Global food projections to 2020, emerging trends and alternative futures uri icon

abstract

  • Over the years, it has become more and more apparent that any meaningful discussion of policies and priorities for alleviating malnutrition and poverty and achieving economic growth depends on an accurate assessment of where we have been and where we are headed. But forecasting the future of food supply and demand requires more than just an examination of short-term trends in global markets: it is essential to focus on long-term growth in income, population, agricultural technology, and a host of other pressing potential changes. IFPRI presented the first projections of global food supply and demand based on its IMPACT model in 1995 at its Washington, D.C., conference on a 2020 Vision for Food, Agriculture, and the Environment. The 2020 discussion paper that presented those first projections stressed that the prospects for global food security greatly depend not only on population growth and economic development but also on emerging issues such as trade liberalization, urbanization, environmental degradation, water scarcity, the livestock revolution, and new technologies. Two years later, IFPRI updated its take on the global food situation, extending its baseline scenario forward, and in 1999 further updated it, adding commodities and again extending the baseline. Now, in 2001, on the eve of another 2020 conference—'Sustainable Food Security for All'—to be held September 2001 in Bonn, Germany, IFPRI has once again fine-tuned its IMPACT model. In this volume, which reports the results of IFPRI's projection work in far more detail than previous publications, the authors give their best assessment of what the future food situation will be in the baseline scenario. Then they examine the effects of changes in policy, technology, and life styles through two sets of alternative scenarios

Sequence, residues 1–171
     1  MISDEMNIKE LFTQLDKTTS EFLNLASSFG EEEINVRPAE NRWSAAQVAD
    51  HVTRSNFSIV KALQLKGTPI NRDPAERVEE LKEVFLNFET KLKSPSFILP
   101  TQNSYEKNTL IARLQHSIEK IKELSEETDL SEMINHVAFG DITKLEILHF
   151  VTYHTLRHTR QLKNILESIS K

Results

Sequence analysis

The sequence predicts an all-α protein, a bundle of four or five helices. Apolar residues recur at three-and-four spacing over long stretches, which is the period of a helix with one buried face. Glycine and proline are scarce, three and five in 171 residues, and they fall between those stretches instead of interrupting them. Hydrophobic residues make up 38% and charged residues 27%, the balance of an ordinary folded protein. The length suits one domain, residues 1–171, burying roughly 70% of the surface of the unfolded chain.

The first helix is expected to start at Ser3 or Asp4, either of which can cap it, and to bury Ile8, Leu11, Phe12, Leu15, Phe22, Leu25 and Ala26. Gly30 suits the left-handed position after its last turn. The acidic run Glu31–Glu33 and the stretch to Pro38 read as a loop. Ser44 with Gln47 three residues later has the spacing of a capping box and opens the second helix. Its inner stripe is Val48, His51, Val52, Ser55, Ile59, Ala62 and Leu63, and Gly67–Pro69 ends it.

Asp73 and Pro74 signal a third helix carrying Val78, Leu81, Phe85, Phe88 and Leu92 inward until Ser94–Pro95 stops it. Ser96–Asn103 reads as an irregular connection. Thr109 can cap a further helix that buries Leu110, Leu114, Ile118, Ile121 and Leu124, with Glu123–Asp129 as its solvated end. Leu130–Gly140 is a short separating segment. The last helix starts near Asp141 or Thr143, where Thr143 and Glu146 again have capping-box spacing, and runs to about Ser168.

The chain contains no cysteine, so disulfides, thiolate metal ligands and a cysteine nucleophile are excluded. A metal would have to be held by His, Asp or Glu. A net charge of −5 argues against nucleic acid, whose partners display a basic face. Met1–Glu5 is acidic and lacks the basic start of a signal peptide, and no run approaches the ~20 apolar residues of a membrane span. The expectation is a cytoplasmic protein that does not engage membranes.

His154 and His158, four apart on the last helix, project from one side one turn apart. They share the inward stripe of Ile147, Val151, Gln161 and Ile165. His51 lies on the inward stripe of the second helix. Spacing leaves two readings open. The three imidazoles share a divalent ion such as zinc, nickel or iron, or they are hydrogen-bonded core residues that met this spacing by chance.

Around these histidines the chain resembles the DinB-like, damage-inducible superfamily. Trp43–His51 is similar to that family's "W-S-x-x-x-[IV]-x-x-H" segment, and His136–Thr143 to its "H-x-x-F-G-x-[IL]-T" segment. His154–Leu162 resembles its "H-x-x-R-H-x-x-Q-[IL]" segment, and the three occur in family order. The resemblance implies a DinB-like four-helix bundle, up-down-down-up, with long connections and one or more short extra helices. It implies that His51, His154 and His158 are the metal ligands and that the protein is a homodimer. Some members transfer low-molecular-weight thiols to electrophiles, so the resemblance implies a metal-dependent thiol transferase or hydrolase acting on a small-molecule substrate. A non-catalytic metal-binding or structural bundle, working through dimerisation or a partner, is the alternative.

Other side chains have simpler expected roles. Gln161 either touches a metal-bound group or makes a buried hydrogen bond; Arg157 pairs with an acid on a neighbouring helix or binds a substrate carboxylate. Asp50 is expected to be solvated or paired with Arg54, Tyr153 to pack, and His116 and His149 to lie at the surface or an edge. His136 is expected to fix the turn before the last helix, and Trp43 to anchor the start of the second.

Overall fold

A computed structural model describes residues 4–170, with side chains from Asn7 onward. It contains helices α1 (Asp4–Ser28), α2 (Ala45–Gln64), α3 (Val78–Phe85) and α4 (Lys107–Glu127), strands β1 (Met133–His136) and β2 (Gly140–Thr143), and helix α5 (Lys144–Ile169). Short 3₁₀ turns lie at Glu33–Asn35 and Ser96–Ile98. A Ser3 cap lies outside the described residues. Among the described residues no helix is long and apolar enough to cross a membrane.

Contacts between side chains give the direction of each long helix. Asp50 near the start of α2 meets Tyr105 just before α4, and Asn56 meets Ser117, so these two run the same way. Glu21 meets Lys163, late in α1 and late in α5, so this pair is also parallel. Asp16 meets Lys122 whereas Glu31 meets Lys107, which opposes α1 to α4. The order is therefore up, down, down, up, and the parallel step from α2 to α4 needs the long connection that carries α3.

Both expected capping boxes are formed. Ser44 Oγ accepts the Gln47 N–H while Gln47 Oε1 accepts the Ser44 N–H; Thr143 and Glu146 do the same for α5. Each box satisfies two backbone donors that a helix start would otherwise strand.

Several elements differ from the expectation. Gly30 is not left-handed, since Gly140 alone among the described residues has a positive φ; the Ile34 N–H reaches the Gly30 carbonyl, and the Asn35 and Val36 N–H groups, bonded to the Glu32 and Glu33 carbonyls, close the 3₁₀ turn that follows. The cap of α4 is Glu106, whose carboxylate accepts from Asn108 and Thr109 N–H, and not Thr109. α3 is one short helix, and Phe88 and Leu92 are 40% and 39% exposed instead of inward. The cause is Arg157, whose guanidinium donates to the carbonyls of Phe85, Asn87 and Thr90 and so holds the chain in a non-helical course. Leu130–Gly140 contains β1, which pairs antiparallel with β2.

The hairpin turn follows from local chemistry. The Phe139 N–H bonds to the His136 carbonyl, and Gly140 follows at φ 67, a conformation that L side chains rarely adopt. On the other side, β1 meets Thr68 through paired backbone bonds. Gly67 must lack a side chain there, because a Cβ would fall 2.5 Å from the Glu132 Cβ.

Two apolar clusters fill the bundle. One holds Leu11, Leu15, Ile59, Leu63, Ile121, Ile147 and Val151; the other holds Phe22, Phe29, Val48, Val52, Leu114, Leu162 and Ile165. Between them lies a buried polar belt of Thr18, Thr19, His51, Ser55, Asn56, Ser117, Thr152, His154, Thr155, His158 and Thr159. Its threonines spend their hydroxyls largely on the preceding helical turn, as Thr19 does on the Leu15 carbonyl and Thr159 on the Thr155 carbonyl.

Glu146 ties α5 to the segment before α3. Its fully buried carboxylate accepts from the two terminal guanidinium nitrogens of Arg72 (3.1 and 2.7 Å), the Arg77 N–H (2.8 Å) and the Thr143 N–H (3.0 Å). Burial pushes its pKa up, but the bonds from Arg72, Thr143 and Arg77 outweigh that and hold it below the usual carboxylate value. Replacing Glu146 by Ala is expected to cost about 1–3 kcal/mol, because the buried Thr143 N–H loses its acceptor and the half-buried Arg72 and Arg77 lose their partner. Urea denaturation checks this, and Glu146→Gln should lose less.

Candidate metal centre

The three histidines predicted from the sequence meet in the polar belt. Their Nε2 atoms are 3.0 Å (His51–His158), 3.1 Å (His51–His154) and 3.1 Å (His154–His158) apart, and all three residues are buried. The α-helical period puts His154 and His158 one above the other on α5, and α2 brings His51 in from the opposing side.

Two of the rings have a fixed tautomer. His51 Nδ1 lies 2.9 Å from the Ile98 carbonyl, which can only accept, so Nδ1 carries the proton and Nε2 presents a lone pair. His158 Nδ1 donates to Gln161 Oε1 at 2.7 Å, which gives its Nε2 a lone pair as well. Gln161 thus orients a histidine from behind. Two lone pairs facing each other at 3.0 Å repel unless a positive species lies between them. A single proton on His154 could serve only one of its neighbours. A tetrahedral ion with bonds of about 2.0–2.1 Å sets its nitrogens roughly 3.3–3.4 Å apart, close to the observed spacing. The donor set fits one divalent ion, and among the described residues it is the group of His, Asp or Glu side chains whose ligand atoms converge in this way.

publication date

  • 2001